History, tourist information, and nearby accommodation
A lovely Tudor house, home of the Throckmorton family since 1409. Coughton features a half-timbered courtyard, an impressive gatehouse, and no less than two churches. The Throckmortons were heavily involved in the Gunpowder Plot, and a compelling exhibit in the house outlines the story of the plot and its impact on the family.
Coughton Court is largely Tudor, with Jacobean additions. The house was begun around 1530 by the Throckmorton family, on the site of an earlier and has been occupied by the Throckmortons ever since. The most striking feature is the impressive battlemented gatehouse, which must be one of the finest in England.
To either side of the gatehouse are two wings which bend around to the rear to form an unenclosed courtyard. There was originally a fourth wing, completing the courtyard square, but this wing was destroyed in 1688 by an angry mob of locals who objected to the existence of a Catholic chapel there.
The courtyard features some superlative Elizabethan half-timbering. From the courtyard, a knot garden leads onto formal lawns and parkland. The interior features excellent collections of family portraits, porcelain, and fine furniture.
Among the items on display is a cope embroidered by Katherine of Aragon, and the chemise worn by Mary, Queen of Scots to her execution. On a less solemn note, you can view the Throckmorton Coat. This intriguing garment was made in a single day, from shearing the wool from the sheep in the morning, to carding and spinning, and finally tailoring the cloth to produce the finished coat by evening.
The Throckmortons had great influence in the Tudor court, but after the Reformation, their influence waned, due to their refusal to abandon the Catholic faith in favour of Protestantism. There are several mementoes on display from this period, and visitors can view the secret chamber, or priest's hole, used to hide Catholic clergy at Coughton.
Following the eventual introduction of 'Catholic Emancipation', the very first Catholic MP to sit in the House of Commons was a member of the Throckmortons of Coughton Court.
The Gunpowder Plot
In 1605 a group of Catholic militants plotted to kill King James and put a more favourable Catholic monarch in his place. See our article on the Gunpowder Plot for full details. An exhibition in the Tower Room tells what led the Throckmortons to become involved in the plot, and how its eventual failure affected the family.
The Civil War
Coughton suffered badly during the Civil War. The Throckmortons supported the Royalist cause, and thus found Coughton Court the subject of a Parliamentary attack. The house was captured, and sacked by Parliamentary troops, leaving much repair work to be done.
There are two garden areas at Coughton Court; the walled garden, owned and operated by the Throckmorton family, and the public gardens, operated by the National Trust. A separate admission applies to visit the walled garden.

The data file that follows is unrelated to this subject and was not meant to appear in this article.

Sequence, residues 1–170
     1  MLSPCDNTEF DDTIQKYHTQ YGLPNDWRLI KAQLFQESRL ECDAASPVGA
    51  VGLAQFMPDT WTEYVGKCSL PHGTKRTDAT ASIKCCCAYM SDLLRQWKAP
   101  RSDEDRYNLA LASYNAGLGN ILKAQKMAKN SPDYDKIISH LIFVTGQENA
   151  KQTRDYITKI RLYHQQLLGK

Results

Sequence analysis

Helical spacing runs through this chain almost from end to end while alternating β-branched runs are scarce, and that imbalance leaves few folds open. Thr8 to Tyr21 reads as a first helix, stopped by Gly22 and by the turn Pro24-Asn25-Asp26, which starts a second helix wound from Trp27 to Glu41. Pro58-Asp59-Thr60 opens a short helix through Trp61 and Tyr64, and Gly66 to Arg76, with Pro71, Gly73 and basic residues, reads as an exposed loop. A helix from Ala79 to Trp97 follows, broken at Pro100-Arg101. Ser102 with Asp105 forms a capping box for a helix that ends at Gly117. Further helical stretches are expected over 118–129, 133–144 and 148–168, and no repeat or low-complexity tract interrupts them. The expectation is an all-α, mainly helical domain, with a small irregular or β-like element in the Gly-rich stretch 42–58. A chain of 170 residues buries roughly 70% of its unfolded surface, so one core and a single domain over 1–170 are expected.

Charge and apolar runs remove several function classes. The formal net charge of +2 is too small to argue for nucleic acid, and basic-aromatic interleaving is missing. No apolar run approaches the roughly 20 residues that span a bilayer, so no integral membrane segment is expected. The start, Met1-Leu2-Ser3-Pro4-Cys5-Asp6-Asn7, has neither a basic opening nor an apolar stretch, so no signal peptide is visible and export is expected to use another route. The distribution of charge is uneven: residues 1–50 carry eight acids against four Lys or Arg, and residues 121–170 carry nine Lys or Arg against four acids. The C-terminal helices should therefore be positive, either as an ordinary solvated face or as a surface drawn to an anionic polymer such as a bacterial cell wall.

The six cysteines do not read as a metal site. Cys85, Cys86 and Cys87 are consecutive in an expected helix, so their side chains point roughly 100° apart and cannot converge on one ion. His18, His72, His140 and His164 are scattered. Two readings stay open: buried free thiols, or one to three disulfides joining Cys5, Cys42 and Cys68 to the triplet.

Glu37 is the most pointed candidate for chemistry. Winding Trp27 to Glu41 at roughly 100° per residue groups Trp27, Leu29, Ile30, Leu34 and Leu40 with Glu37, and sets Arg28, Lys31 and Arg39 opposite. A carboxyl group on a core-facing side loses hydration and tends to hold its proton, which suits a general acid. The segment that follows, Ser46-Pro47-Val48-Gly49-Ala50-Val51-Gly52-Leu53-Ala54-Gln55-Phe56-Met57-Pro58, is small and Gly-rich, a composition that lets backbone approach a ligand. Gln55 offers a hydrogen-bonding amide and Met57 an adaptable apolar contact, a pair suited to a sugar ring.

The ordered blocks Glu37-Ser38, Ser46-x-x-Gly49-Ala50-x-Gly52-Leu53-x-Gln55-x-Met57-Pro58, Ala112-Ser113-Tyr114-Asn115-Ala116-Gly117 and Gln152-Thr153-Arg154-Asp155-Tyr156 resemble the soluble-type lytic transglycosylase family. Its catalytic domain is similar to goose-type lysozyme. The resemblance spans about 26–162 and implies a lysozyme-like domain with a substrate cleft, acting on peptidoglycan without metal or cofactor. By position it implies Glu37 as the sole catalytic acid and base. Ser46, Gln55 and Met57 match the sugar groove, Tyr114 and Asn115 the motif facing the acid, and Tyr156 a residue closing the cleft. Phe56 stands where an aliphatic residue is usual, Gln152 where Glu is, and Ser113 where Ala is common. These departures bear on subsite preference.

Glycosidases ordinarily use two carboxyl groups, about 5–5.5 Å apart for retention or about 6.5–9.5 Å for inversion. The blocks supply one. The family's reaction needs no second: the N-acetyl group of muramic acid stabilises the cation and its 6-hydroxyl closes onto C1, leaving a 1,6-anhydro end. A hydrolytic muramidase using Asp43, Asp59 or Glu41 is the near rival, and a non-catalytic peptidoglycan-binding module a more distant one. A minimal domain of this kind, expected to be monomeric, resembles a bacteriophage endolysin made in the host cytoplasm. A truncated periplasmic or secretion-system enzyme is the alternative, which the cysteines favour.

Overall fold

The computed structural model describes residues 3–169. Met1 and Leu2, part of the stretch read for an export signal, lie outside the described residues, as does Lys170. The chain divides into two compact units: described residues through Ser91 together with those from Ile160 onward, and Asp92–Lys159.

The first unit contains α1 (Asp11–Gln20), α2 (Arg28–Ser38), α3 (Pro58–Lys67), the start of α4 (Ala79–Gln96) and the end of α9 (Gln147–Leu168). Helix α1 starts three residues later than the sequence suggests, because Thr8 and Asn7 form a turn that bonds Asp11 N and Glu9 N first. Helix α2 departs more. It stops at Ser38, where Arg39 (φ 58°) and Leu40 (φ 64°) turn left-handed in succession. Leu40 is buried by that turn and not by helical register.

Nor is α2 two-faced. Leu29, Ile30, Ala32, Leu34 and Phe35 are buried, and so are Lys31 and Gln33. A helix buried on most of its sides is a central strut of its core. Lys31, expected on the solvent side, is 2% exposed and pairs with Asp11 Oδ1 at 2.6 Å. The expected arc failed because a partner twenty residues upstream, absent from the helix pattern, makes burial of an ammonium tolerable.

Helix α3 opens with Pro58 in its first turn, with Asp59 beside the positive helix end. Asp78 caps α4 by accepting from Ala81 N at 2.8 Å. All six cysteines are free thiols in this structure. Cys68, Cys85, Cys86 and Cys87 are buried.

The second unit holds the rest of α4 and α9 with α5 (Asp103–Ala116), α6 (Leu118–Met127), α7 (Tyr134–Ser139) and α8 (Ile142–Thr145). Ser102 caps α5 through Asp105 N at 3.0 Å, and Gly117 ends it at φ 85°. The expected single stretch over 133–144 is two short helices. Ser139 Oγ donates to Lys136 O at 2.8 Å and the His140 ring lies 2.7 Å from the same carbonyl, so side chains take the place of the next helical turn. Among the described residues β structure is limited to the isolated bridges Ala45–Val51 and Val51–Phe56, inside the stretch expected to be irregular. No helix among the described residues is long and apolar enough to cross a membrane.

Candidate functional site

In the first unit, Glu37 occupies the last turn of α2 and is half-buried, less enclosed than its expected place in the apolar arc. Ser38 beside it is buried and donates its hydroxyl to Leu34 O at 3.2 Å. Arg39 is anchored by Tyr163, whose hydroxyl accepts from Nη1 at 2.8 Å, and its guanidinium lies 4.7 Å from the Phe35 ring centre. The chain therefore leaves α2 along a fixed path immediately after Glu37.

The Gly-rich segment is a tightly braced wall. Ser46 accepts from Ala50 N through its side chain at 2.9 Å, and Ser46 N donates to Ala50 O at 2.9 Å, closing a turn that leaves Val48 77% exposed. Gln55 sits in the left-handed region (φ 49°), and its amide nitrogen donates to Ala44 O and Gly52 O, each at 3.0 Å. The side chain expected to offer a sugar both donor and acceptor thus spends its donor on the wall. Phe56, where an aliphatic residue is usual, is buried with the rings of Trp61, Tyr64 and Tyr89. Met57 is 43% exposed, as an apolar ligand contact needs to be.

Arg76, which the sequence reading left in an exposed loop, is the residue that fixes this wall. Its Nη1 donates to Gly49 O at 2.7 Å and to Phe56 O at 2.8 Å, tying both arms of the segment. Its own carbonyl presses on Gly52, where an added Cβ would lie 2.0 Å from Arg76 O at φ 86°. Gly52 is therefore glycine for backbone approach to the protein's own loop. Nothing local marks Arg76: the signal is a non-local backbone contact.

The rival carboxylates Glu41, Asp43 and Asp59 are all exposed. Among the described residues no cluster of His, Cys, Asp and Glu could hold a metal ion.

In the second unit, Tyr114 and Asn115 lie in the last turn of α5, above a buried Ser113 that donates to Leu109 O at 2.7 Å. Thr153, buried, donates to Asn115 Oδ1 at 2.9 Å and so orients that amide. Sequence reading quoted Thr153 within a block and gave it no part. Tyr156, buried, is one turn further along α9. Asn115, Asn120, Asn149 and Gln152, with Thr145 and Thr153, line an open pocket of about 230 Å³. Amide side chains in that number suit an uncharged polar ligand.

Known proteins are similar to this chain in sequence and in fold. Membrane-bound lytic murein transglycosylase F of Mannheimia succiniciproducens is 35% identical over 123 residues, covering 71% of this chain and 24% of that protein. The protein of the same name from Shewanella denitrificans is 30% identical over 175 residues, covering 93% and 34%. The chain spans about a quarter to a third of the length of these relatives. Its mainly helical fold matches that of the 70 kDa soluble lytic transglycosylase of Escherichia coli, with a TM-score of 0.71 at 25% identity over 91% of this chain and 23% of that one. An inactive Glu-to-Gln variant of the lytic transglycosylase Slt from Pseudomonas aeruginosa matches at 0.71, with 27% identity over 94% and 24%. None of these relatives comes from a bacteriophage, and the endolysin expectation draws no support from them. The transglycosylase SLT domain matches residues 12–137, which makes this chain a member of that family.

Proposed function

The National Trust garden consists of a formal lawn and topiary hedges, with arched walkways, informal parkland and woodland areas, a lovely riverside walk beside the River Arrow, a bog garden, a traditional English kitchen garden, orchard, and a lake with an attractive Victorian summerhouse.
Coughton is unusual in that there are two churches set beside the manor. The closest church is the older, the parish church of St Peter, rebuilt around 1450 by Robert Throckmorton. After the Reformation St Peter's became an Anglican church, and the staunchly Catholic Throckmorton's eventually erected the private Catholic church of St Peter, St Paul and St Elizabeth in 1855, close to the older establishment.
Coughton for Children
The National Trust has interesting quizzes available to help children enjoy the house. Our children, ages 5 and 11, ejoyed seeing the secret priest's hole, and this provided an opportunity to provide a painless history lesson about the Reformation.
The Victorian gazebo also proved a big hit, as did the fact that we could climb to the top of the Tower and step out onto the roof for superb views over the rooftops of Coughton Court and the countryside beyond.
What you will see:
- Grand Tudor gatehouse
- Secret priest's chamber
- Gunpowder Plot exhibition
- Fine furniture and porcelain collection
- Excellent half-timbered buildings
- Private walled garden
- Formal lawns and gardens
- Riverside walk
About Coughton Court
Address: Throckmorton Estates, Coughton Court, Alcester, Warwickshire, England, B49 5JA
Attraction Type: Historic House
Location: On the A435 2 miles north of Alcester
Website: Coughton Court
National Trust - see also: National Trust memberships (official website link)
OS: SP080 604
Photo Credit: David Ross and Britain Express
We've 'tagged' this attraction information to help you find related historic attractions and learn more about major time periods mentioned.
Historic Time Periods:
Find other attractions tagged with:
Civil War (Architecture) - Elizabethan (Architecture) - Gunpowder Plot (Historical Reference) - Mary, Queen of Scots (Person) - Parliamentary (Historical Reference) - Reformation (Historical Reference) - Royalist (Person) - Stuart (Time Period) - Tudor (Time Period) - Victorian (Time Period) -
NEARBY HISTORIC ATTRACTIONS
Heritage Rated from 1- 5 (low to exceptional) on historic interest
Kinwarton Dovecote - 1.9 miles (Historic Building)
Ragley Hall - 3.1 miles (Historic House)
Billesley, All Saints Church - 4.7 miles (Historic Church)
Wootton Wawen, St Peter's Church - 4.8 miles (Historic Church)
Mary Ardens House - 5.5 miles (Historic Building)
Forge Mill Needle Museum - 5.5 miles (Museum)
Bordesley Abbey - 5.5 miles (Abbey)
Welford on Avon, St Peter's Church - 6.5 miles (Historic Church)
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